Everett Grant Germain, Jr (1931-2006)
Attorney and Founder/President of Annandale Boys’ & Girls’ Club.
Everett was a sports fanatic from early childhood. He was very active in the Boys Club of Greater Washington and the Eastern Boys Club in Washington, DC where he was a DC Golden-Gloves Champion boxer in his teens and a quarterback on his youth football teams. He graduated from Eastern High School in Washington, DC. He attended Virginia Tech as an Air Force Cadet in the Corp of Cadets, played quarterback on the Tech football team and graduated in 1953 with a degree in Electrical Engineering.
Everett earned his Law Degree from the George Washington University Law School where he was elected President of the Student Association Board of Governors in 1958. He was active in legal and political endeavors during his time at GW. He later partnered in a small law firm and soon decided to enter private practice in Annandale, VA just two doors down from where his practice would remain. He was elected President of the Annandale Junior Chamber of Commerce and was extremely active in his community throughout his life.
In 1959, he founded the Annandale Boys’ Club where he remained President for 47 years offering just about all sports including football, baseball, basketball, wrestling, rifle, etc... He began out of his home and expanded it to his law office in Annandale so he could focus and later devote his life to youth sports, his legacy today. Everett expanded youth sports in Northern Virginia and was the first of any club to institute a mandatory program requiring that in its “house league” that “Every player is guaranteed to play ½ of every game regardless of his size or physical ability” in order to insure participation and growth of every child, a program which is customarily adopted by many clubs to this day. The Annandale “Bulldogs’” football program grew to be a revered competitor to other clubs in the area winning their fair share of titles against such rivals as the Arlington Black Knights Football Club and the array of other sports offered area youths an after school activity year round.
Now known as the “Grandfather of Soccer” in the Washington Metropolitan area, he started a soccer program in Annandale in 1962 with four teams. He was quoted as saying “We have a football program but it’s not for everybody, then a neighbor asked ‘Why not soccer…?’ and since there was no good reason to say no…”…. the rest is history. Since there was no other program or competition in the area, the teams played amongst themselves. Soon, this search for competition spawned the “Travel Soccer Program” as we know it today out of a need to travel first to Baltimore, then Philadelphia, NJ, NY, and into Canada and Mexico to find worthy competition as the club and the skills grew. The concept caught on in other states too.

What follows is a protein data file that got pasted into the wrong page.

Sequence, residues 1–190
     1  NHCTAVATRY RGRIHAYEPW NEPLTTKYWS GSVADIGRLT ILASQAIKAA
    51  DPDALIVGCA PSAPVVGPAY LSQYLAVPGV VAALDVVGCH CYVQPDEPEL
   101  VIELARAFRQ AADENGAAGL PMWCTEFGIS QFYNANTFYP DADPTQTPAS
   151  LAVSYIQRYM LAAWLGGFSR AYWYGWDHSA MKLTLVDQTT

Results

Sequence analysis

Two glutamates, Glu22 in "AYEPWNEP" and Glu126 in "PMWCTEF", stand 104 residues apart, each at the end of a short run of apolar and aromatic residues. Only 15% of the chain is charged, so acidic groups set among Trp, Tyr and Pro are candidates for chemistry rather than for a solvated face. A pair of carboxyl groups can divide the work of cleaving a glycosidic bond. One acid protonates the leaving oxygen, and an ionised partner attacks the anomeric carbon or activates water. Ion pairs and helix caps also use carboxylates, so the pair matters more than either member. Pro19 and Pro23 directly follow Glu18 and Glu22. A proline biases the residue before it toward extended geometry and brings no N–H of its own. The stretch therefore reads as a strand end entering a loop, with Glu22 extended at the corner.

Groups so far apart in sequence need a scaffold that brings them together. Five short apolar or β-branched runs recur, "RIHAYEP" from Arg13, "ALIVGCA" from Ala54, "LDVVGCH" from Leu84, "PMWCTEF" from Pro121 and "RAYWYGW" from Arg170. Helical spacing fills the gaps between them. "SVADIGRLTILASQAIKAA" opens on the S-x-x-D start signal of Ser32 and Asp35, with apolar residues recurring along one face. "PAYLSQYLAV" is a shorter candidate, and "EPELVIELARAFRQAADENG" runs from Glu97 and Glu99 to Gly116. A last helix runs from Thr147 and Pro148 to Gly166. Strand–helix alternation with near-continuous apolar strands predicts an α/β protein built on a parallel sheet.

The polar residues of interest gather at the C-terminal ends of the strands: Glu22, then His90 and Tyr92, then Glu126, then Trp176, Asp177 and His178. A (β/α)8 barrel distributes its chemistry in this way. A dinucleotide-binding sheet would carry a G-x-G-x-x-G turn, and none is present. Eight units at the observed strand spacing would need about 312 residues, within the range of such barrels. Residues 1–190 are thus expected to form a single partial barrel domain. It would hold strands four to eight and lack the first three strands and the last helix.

Soon, with the solicitation from many foreign born soccer gurus, the Annandale Boys’ and Girls’ Club grew to be not only one of the largest youth soccer program in the country at one time, but also captured numerous national titles and international trophies from North America, Britain and Europe and yielded numerous athletes into the professional ranks both domestically and internationally. Everett Germain and the Annandale Boys’ and Girls' Club are well known nationally and internationally, all to his credit. He was instrumental in the creation of other well known clubs such as Montgomery Soccer in MD, as well as many spin-offs of the Annandale club in and around Northern Virginia.
In 1963, he was responsible for altering the sport of Baseball in Washington when he got tired of watching boys strike out or walk in the local little leagues. Born from an old radiator hose and some scrap plywood, the first “T” was created and the sport grew to what we know as “T-Ball”.
Through the years he continued his sacrifice to pioneer new programs and policies within the sport of soccer. The concept of “billeting” (housing traveling soccer teams in the home town team’s homes) became a popular way to defer costs to travel to tournaments that he helped establish and enabled many new and lasting relationships for many players, coaches and parents from clubs all over the continent. In 1971 he formed and managed the professional soccer team in Washington which played in the American Soccer league and traveled in an old converted Bible Baptist school bus which he purchased with Annandale Boys' and Girls' Club sponsorship.
When his eldest sons were entering high school, he founded, funded and supported high school club, later varsity, soccer programs in Northern Virginia and later created girls’ soccer programs in the high schools. When the college years approached he founded and funded ten women's college club programs in Virginia including, most notably, Division 1 Virginia Tech, University of Virginia, James Madison, William & Mary, Radford and others.
Everett also founded the first Club Apprenticeship program, modeled after the British system, which immersed players in professional level soccer training while maintaining a college curriculum. He later founded and grew other adult soccer teams that brought home numerous titles and three National championships. As two of his sons moved on into the professional ranks, he became active and known within the North American Soccer League and in Britain and enjoyed relationships with many noted international players and coaches. He was invited to Seoul, South Korea as an Ambassador of Soccer with the Washington Diplomats in 1978, was a member of The National Soccer Coaches Association of America, Secretary of the Metro-DC VA Soccer Association, and was inducted into the VA-DC Soccer Hall of Fame in 2001.